Effects of surface site distribution and dielectric discontinuity on the charging behavior of nanoparticles. A grand canonical Monte Carlo study

The surface site distribution and the dielec. discontinuity effects on the charging process of a spherical nanoparticle (NP) have been investigated. It is well known that electrostatic repulsion between charges on neighboring sites tends to decrease the effective charge of a NP. The situation is more complicated close to a dielec. breakdown, since here a charged site is not only interacting with its neighbors but also with its own image charge and the image charges of all its neighbors. Coexistence of opposite charges, titrn. sites positions, and pH dependence are systematically studied using a grand canonical Monte Carlo method. A Tanford and Kirkwood approach has been applied to describe the interaction potentials between explicit discrete ampholytic charging sites. Homogeneous, heterogeneous and patch site distributions were considered to reproduce the titrn. site distribution at the solid/soln. interface of natural NPs. Results show that the charging process is controlled by the balance between Coulomb interactions and the reaction field through the solid-liq. interface. They also show that the site distribution plays a crucial role in the charging process. In patch distributions, charges accumulate at the perimeter of each patch due to finite size effects. When homogeneous and heterogeneous distributions are compared, three different charging regimes are obtained. In homogeneous and heterogeneous (with quite low polydispersity indexes) distributions, the effects of the NP dielec. const. on Coulomb interactions are counterbalanced by the reaction field and in this case, the dielec. breakdown has no significant effect on the charging process. This is not the case in patch distributions, where the dielec. breakdown plays a crucial role in the charging process.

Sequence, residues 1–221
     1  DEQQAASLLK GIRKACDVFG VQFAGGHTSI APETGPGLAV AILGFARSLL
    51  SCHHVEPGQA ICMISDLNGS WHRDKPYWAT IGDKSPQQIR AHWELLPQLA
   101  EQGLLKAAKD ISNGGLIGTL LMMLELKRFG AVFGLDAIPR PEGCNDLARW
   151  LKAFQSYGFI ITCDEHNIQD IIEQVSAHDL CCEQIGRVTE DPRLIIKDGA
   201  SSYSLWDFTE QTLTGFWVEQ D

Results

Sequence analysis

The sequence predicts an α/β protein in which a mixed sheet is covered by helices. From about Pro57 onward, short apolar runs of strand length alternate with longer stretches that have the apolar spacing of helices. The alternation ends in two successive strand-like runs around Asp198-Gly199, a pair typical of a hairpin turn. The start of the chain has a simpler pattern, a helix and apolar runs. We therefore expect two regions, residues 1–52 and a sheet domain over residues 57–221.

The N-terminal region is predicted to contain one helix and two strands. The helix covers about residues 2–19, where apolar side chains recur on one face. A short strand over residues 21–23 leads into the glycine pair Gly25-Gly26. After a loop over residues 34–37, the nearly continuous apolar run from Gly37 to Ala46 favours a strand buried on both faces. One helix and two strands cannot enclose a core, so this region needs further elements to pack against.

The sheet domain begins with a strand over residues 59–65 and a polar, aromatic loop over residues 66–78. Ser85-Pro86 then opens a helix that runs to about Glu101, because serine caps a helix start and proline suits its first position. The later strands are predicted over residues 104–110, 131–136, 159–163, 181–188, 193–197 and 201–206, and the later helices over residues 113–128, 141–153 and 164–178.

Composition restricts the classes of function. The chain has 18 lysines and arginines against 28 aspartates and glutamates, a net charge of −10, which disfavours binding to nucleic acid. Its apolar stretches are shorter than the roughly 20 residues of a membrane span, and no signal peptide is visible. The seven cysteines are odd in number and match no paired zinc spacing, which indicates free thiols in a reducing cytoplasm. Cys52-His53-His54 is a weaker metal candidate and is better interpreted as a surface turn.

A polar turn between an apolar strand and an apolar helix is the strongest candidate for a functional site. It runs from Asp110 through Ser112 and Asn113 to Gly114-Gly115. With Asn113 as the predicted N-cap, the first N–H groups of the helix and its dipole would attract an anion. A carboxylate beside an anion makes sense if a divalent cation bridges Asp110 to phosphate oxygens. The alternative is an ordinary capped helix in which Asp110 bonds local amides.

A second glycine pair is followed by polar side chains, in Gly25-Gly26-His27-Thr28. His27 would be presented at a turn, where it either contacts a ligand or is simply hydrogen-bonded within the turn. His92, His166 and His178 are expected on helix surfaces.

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Physical Chemistry Chemical Physics -Cambridge- Royal Society of Chemistry, 8, 48, 5679-5688
Royal Society of Chemistry

 Record created 2011-01-25, last modified 2018-01-28

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